This study explores the patterns of cycle use and collisions among adults and school students in Christchurch, New Zealand. Reporting rates for all cycle collisions are obtained, including those which do not involve motor vehicles. From the results of the survey recommendations are made to improve the safety of cyclists in the city.
Questionnaires were distributed to adult cyclists, school students, and medical practices and hospitals in Christchurch. Cyclists were observed and counted in field surveys at specific locations round the city and Ministry of Transport records of reported cyclist collisions were analysed.
The field durveys provided information on age groups and sexes of cyclists and their helmet-wearing rates. Patterns of cycle traffic flows were also observed.
Results from the questionnaires gave a profile of the cycling population for both adult and school cyclists, as well as the distances they travelled. Details were collected from school and adult cyclists on the collisions they had experienced and average annual distances ridden by adult cyclists were calculated. Using these two pieces of information an exposure rate to the risk of collisions was estimated. This exposure rate is used to compare the relative risk of collisions for cyclists of different age groups and sexes with the risk for the occupants of motor vehicles.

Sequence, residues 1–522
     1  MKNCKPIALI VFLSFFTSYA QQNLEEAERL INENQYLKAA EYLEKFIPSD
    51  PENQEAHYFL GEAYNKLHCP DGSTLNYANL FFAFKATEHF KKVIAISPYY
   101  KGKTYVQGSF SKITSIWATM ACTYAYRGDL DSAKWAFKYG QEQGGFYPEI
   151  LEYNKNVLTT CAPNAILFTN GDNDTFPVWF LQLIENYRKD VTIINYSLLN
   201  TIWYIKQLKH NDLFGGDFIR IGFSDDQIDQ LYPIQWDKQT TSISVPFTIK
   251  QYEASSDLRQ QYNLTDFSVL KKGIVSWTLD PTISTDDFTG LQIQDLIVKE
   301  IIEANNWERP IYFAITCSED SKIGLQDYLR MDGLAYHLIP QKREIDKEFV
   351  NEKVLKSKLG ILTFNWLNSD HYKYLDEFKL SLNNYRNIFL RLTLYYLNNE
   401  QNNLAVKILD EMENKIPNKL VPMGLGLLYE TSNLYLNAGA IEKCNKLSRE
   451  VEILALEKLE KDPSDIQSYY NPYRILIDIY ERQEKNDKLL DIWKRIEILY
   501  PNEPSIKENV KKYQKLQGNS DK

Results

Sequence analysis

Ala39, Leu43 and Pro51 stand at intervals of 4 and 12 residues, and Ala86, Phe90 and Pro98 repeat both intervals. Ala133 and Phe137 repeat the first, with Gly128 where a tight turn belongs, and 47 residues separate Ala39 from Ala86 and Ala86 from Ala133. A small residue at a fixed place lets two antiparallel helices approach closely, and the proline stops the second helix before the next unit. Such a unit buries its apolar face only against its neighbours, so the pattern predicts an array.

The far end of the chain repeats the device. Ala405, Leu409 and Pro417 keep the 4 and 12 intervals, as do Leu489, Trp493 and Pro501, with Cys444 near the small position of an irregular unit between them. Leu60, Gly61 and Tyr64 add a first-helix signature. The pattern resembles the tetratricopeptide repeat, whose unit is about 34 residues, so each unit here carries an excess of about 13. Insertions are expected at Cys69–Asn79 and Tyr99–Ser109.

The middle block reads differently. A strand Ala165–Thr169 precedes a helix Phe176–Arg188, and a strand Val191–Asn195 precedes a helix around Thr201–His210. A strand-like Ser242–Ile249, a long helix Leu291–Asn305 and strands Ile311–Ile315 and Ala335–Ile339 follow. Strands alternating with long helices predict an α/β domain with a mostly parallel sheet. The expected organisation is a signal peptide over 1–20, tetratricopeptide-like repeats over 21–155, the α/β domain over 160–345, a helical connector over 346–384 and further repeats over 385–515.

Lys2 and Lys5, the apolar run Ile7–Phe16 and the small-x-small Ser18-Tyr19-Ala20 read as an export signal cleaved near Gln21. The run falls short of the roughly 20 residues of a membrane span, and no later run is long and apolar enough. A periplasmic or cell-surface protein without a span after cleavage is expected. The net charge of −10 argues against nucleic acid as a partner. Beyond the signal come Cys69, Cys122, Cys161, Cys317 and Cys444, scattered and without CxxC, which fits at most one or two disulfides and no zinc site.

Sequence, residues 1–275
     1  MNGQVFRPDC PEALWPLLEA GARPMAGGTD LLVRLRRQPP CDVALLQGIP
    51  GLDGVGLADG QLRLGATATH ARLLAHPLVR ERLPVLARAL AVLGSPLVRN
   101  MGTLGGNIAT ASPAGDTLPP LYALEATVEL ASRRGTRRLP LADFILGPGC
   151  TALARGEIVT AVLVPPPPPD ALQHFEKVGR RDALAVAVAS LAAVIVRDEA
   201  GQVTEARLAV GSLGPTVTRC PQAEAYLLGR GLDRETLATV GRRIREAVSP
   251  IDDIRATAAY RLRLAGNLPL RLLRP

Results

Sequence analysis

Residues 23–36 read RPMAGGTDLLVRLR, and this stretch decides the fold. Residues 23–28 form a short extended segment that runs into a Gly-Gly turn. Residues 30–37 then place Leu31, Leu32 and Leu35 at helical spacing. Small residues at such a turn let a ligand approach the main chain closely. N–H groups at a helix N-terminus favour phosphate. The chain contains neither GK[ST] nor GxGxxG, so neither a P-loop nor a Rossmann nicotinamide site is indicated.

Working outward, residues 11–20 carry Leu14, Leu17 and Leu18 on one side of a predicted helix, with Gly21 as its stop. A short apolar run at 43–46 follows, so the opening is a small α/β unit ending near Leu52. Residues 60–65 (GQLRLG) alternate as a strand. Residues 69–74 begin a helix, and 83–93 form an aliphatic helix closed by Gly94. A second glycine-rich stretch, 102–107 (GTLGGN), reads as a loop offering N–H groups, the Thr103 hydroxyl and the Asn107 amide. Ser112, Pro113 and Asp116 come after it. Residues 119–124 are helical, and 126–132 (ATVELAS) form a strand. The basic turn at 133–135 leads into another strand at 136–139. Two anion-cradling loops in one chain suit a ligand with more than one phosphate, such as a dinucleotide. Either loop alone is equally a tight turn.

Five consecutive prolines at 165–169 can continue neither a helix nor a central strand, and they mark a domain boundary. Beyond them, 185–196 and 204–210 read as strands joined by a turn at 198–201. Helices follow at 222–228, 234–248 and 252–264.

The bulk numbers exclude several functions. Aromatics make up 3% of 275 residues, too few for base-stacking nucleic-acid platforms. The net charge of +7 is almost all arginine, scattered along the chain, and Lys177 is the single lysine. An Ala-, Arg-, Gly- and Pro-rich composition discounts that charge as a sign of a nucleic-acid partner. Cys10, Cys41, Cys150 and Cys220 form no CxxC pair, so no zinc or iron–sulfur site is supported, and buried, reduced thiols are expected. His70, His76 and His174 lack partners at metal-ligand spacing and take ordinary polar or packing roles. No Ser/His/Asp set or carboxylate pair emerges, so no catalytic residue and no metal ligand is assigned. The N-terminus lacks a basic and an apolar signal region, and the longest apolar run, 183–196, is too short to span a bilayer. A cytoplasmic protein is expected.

Information collected on collisions included the first object struck, factors contributing to collisions, the road type on which collisions occurred and the time of day. This information is compared with the data on cycle collisions in the Ministry of Transport records.
Data were also collected on the extent to which cyclists wore reflective clothing, whether their cycles had lights and reflectors, and whether they owned and wore cycle helmets. Respondents were asked whether helmets were worn in collisions and whether helmets were felt to be effective in preventing head injuries. From these data and from information collected in the medical survey, the effectiveness of cycle helmets in protecting cyclists from head injury is estimated.
Collisions recorded in the medical survey were compared with those reported to the Ministry of Transport over the same period of time. From this information reporting rates for cycle collisions resulting in injury are estimated.
Recommendations are made for action to improve cycle safety. They include the need to improve systems for collecting information on cycle collisions and for education and publicity for both cyclists and motorists.
Keywords: Adults, collisions, contributing factors, count locations, cycle, cycle flows, cycle helmets, cycle lights, cycle routes, cycle use, cycle ways, cycling, exposure rates, medical, Ministry of Transport, questionnaire, reflective clothing, reflectors, students, safety, travel mode